Primary health care serves two main purposes: (1) to directly provide services such as prevention, treatment of common diseases and injuries, and emergency care; (2) to coordinate patients’ health care and provide referrals to specialists. Canadians can choose their own physicians and although a referral is not required to see a specialist, there are incentives to discourage self-referral.
Armstrong, P., H. Armstrong, C. Fegan. (1998). A Perfect System? Universal Healthcare: What the United States Can Learn from the Canadian Experience. The New York Press: New York.
This chapter examines some of the successes and challenges of the universal health care system in Canada—expenditures, access, choice of providers, drug costs, fee-for-service payments, and privatization are discussed.
Canadian Institute for Health Information. (2005). Exploring the 70/30 Split: How Canada’s Health Care System is Financed.
This report gives a brief explanation of the Medicare system and a thorough account of how the system is financed.
Canadian Institute of Health Spending Databases, (2009).
The Canadian Institute of Health provides a large range of statistics regarding health care in Canada including data tables on health expenditures and leading health indicators.
Deber, R.B. (January 2003). Health Care Reform: Lessons from Canada. American Journal of Public Health, 93.1:20-24.
This article discusses Canada’s health care system and current issues in financing and delivering health care.
Eisen, B. and A. Bjornberg. (December 2009). Canada Health Consumer Index. Frontier Centre for Public Policy.
This index ranks the Canadian health system's performance by province with regards to patients' rights, waiting times, outcomes, and range of services.
Health Canada. Canada’s Health Care System. 2005.
This government publication provides an explanation of Canada’s universal health care system including information on delivery, expenditure, and the role of the government.
Hutchison, B., J. Abelson, and J. Lavis. Primary Care in Canada: So Much Innovation, So Little Change. Health Affairs, 20.3:116-131.
This article looks at Canada’s basic structure of primary care organization, funding and delivery and explores the prospects for future change.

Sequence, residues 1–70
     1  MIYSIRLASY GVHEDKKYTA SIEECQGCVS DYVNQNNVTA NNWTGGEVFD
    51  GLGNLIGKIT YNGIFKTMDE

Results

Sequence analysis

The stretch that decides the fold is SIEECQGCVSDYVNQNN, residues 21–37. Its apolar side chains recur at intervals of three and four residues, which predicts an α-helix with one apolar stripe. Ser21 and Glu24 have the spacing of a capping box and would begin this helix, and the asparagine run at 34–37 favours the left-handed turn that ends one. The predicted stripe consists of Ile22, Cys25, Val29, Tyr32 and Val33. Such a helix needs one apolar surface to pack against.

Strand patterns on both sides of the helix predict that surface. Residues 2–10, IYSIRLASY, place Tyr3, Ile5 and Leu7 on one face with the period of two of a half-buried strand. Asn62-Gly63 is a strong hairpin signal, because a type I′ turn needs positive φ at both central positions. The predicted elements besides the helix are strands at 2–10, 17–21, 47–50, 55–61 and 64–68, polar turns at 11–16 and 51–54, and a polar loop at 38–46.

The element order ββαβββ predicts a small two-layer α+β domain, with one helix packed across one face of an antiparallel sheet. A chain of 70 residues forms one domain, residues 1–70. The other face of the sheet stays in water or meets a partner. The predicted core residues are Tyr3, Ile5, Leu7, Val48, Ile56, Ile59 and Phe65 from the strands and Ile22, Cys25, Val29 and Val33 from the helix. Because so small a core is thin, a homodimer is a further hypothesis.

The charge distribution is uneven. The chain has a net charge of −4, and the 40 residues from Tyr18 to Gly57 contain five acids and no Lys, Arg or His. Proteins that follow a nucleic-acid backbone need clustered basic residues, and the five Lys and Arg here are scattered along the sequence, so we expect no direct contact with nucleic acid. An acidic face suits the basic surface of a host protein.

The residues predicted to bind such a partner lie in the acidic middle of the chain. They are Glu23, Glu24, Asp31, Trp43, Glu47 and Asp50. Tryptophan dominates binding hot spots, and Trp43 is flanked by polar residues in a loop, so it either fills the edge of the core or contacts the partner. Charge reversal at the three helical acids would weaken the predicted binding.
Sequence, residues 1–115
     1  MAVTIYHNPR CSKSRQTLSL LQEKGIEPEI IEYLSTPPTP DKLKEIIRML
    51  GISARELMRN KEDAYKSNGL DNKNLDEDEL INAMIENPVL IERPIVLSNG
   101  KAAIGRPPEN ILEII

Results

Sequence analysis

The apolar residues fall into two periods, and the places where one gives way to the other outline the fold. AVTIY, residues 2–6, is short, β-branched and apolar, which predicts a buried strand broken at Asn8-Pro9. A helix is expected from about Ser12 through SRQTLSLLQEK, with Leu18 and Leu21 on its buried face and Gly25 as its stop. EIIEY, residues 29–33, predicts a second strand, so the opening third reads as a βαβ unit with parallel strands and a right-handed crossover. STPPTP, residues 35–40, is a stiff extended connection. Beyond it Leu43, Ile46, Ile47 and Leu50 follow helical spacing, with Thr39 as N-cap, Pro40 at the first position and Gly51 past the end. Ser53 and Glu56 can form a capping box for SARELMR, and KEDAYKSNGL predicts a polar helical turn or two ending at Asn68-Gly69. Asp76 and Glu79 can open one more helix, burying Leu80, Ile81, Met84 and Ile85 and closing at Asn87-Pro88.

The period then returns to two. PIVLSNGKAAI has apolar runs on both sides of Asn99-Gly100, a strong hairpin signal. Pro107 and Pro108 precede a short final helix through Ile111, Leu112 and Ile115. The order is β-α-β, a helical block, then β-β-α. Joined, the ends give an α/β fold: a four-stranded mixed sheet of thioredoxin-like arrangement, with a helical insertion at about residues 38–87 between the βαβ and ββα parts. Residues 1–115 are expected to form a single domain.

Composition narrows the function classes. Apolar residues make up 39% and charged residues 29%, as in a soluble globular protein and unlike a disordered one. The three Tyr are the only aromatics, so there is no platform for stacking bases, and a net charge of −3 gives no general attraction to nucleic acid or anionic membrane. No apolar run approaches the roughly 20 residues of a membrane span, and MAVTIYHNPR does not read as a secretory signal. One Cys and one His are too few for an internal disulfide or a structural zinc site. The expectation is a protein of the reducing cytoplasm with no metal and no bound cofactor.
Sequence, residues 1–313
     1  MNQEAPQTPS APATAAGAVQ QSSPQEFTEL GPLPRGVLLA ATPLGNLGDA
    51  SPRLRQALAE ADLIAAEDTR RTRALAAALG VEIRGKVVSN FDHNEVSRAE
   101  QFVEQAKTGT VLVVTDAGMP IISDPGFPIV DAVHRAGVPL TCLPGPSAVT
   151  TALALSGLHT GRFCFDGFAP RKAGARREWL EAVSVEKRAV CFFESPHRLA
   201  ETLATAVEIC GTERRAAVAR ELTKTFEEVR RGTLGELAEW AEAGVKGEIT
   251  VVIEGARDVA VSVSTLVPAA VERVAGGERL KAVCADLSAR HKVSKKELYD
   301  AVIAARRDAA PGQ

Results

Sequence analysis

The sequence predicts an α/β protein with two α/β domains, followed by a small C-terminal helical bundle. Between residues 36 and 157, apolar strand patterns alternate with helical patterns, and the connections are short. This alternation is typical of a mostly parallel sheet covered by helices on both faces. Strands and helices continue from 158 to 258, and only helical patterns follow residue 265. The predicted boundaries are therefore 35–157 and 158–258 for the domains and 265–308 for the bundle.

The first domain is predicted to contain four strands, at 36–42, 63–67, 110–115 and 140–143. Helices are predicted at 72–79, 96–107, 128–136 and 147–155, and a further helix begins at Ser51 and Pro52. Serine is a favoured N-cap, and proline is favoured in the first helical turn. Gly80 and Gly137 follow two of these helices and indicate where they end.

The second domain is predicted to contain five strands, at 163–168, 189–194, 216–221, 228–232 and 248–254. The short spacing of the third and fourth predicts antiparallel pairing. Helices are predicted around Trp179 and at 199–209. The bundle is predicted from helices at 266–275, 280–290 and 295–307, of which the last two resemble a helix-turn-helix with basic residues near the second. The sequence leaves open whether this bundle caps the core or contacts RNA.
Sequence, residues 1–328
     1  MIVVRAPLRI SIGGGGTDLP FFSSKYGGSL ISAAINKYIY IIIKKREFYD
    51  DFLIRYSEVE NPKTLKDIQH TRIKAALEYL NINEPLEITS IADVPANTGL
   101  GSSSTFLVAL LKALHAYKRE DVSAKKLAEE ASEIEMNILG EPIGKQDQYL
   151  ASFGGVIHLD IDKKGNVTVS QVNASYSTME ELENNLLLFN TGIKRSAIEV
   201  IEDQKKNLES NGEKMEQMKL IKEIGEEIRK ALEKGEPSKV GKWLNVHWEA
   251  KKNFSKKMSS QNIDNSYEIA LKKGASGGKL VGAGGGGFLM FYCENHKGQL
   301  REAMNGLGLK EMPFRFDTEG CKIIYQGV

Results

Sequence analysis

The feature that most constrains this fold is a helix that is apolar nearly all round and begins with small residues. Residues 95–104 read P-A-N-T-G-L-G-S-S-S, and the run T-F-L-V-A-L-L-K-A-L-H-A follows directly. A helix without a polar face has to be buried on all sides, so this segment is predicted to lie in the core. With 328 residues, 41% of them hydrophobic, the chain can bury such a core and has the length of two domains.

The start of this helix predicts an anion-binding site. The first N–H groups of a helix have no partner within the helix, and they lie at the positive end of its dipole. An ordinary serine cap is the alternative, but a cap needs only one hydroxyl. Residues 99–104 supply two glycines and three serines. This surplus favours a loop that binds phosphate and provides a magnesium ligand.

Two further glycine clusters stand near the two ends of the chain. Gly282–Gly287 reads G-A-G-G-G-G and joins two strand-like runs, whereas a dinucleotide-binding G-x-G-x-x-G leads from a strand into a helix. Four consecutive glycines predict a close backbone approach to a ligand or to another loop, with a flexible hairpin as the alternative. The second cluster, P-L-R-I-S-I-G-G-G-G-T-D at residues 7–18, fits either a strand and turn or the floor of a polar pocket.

Iglehart, J. K. (June 2000). Revisiting the Canadian Health Care System. New England Journal of Medicine, 342.26:2007-2012.
This article explains some of the challenges encountered by the Canadian health care system since the 1950s.
Detsky, A.S. and C.D. Naylor. (August 2003). Canada’s Health Care System— Reform Delayed. New England Journal of Medicine, 349.8:804-810.
In this article, the author provides a sequel to Iglehart’s report, focusing on what has happened in the three years afterwards, the “New Deal” between the federal and provincial administrations, and the prospects of the Medicare system.
Lewis, S., C. Donaldson, C. Mitton, and C. Gillian. (October 2001). The Future of Health Care in Canada. British Medical Journal, 323.7318: 926-929.
This article describes the historical and political context of the Canadian health care system, explains challenges since its inception, and suggests paths for the future.
Liao, J. and K. Choi. (November 2009). Cost Expansion versu Cost Control--Lessons from the Canadian System. The New England Journal of Meidicine. 361.
This paper uses Canada as an example of how health coverage can be expanded while maintaining cost control.
Menon, D. (May/June 2001). Pharmaceutical Cost Control in Canada: Does it Work? Health Affairs, 20.3:92-103.
This paper analyzes the reasons behind increases in pharmaceutical costs and potential solutions to limit the growth.
O'Hagan, J. et al. (2009). Self-Reported Medical Errors in Seven Countries: Implications for Canada. Health Care Quarterly, 12:55-61.
This study compares the rate of self-reported medical errors in seven countries with those for Canada. It uses data from the Commonwealth Fund's 2007 International Health Policy Survey to draw its conclusions.
Starfield, B. (May 2010). Reinventing Primary Care: Lessons from Canada for the United States. Health Affairs, 29.5:1030-1036.
This article details how the Canadian Health System has improved since the passage of the Canadian Health Act in 1970 and whether, or not, such improvements are possible in the United States.
Steinbrook, R. (April 2006). Private Health Care in Canada. New England Journal of Medicine, 354.16:1661-4.
This perspective piece examines the private health care sector of Canada’s health care system.
Woolhandler, S., T. Campbell and D.U. Himmelstein. (August 2003). Costs of Health Care Administration in the United States and Canada. New England Journal of Medicine, 349.8: 768-75.
This article looks at the health administrative costs of insurers, employers’ health benefit programs, hospitals, practitioners’ offices and nursing homes in the U.S. and Canada.
World Health Organization. 2005. Health Systems in Transition: Canada. European Observatory on Health Systems and Policies.
This paper provides an in-depth account of the structure, financing and service delivery of the Canadian health care system.